Stack vs Heap ??
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Thread: Stack vs Heap ??

  1. #1
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    Stack vs Heap ??

    I have confusion on allocate memory from Stack or Heap?

    Anyone can demonstrate me with some code ?

    which is allocated from Stack and which is from Heap

    thanks : )
    Last edited by dlhc922; July 28th, 2005 at 08:14 PM.

  2. #2
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    Re: Stack vs Heap ??

    when you use new or malloc() the memory is normally allocated from the heap. When you allocate an object within a function, it goes on the stack
    Code:
    void foo()
    {
       int x; <<< x is on the stack
      char *ptr = new char[255]; <<< 255 characters are allocated in the heap
                                but ptr object is on the stack 
    
    int array[255]; <<< 255 ints are all on the stack
    }

  3. #3
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    Re: Stack vs Heap ??

    Quote Originally Posted by stober
    when you use new or malloc() the memory is normally allocated from the heap. When you allocate an object within a function, it goes on the stack
    Code:
    void foo()
    {
       int x; <<< x is on the stack
      char *ptr = new char[255]; <<< 255 characters are allocated in the heap
                                but ptr object is on the stack 
    
    int array[255]; <<< 255 ints are all on the stack
    }
    so whats the difrence?

  4. #4
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    Re: Stack vs Heap ??

    The difference can be identified from the usage of the operator new. When it is used, you will be allocating memory from the heap and you need a pointer to store the address. As the memory from the stack, the variable has to be declared within a function without using operator new.

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  6. #6
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    Re: Stack vs Heap ??

    ...provided that you know what is the stack and what is the heap...
    "Such ingratitude after all the times I saved your life." (imdb quotes)
    A bit of history.

  7. #7
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    Re: Stack vs Heap ??

    Quote Originally Posted by Mercantilum
    ...provided that you know what is the stack and what is the heap...
    If not, then look those terms up in any of the hundreds of text books at your local book store or library. You can even find the definitions in Websters online dictionery http://dictionary.reference.com/search?q=heap

  8. #8
    John E is offline Elite Member Power Poster
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    Re: Stack vs Heap ??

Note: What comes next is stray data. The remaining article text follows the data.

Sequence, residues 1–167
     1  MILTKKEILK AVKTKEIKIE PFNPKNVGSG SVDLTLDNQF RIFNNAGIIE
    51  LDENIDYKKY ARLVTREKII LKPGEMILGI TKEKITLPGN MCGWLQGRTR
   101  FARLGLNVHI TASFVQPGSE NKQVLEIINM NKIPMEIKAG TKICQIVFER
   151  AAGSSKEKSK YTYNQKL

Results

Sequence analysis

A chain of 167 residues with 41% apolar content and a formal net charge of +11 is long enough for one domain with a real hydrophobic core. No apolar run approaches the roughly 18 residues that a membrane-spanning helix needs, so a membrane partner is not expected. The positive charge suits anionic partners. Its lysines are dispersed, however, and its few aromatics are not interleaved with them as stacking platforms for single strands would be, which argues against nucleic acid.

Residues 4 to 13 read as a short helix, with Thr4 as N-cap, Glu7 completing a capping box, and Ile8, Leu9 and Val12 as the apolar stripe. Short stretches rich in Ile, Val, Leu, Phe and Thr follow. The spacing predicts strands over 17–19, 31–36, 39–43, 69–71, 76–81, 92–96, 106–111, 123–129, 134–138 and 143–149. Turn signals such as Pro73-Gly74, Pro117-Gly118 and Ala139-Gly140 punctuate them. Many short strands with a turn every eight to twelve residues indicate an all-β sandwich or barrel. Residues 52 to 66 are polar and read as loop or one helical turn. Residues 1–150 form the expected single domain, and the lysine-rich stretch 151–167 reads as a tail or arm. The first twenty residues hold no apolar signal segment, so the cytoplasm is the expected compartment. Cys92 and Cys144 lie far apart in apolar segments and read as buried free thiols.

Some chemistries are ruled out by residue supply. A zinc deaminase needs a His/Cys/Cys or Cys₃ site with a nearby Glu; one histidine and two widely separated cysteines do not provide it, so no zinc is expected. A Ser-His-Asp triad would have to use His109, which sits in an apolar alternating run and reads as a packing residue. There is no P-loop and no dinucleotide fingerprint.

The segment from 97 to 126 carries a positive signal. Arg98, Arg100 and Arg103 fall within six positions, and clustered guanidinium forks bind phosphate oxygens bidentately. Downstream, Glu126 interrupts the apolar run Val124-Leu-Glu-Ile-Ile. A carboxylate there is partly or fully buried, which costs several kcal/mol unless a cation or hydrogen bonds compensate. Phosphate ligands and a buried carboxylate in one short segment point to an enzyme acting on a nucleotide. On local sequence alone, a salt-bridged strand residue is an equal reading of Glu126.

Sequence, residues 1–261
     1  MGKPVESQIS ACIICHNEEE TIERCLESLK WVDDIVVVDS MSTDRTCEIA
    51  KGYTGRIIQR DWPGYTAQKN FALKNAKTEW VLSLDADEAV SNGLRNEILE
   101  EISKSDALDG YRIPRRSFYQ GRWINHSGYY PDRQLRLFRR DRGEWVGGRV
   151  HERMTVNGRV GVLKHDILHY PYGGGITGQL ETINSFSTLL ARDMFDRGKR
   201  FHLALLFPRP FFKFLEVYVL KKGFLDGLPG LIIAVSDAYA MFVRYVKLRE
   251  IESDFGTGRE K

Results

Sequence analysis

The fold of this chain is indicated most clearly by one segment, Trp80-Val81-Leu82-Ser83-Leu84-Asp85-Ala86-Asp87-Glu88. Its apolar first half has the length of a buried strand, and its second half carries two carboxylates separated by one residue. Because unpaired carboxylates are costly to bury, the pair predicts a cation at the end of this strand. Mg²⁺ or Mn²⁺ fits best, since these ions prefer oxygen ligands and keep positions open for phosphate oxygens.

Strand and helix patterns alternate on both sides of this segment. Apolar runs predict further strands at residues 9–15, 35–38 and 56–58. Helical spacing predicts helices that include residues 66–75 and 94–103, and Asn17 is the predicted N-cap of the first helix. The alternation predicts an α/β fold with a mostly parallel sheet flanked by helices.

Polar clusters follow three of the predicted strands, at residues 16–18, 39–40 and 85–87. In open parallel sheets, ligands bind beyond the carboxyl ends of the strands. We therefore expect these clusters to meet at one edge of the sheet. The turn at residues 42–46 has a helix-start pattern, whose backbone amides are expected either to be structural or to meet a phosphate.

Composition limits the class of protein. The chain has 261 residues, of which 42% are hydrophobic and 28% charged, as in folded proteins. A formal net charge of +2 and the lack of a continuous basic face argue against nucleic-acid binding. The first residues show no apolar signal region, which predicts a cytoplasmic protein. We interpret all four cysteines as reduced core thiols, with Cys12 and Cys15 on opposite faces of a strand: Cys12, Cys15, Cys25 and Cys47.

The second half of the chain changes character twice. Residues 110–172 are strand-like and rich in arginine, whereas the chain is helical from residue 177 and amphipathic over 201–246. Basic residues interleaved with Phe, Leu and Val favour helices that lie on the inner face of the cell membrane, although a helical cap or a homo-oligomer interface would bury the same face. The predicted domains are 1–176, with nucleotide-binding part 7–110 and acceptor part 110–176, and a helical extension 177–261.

You can imagine the stack as being like a stack of plates. As soon as a function calls some other function things get added to the stack (from the bottom, upwards) starting with the return address (i.e. where the program flow should go back to, once the called function has finished).

    Stack memory
    Let's suppose there was nothing on the stack to begin with. One of the functions (either the calling function or the called function) would start a stack by placing a return address - and some extra 'plates' might be added, representing any arguments that get passed to the called function (the called function's parameters).

    Program execution then gets passed to the called function which probably adds some more plates in the form of 'local variables'. Every 'plate' has some sort of information written on it that means something special to te program. By the time the called function reaches its return statement it has a big stack of plates. Just before it returns, it removes the plates (one by one) from the top downward so that it can read the return address, written on that very bottom plate. The program then jumps back to that original return address.

    The most important thing about the stack is that you don't need to think much about it. Your program manages it. Also, stack management is very efficient because the plates don't literally need to be removed (like they would if they were real plates). In reality, the program contains a "stack pointer" that simply gets updated each time a particular plate needs to be written to or read from. The size of the stack is usually quite small because it's mostly used for local variables (variables that go out of scope pretty soon after they're finished with). The size of the stack is set at compile time and is small enough to be available on any computer, no matter how little RAM it's got.

    Heap memory